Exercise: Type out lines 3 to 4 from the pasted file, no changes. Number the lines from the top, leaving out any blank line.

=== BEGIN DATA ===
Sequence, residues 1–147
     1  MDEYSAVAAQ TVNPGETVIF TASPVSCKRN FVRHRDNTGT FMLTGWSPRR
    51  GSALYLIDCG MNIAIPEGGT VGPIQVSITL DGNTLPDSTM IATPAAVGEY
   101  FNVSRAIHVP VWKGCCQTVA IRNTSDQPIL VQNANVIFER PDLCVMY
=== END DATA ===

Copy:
    51  GSALYLIDCG MNIAIPEGGT VGPIQVSITL DGNTLPDSTM IATPAAVGEY
   101  FNVSRAIHVP VWKGCCQTVA IRNTSDQPIL VQNANVIFER PDLCVMY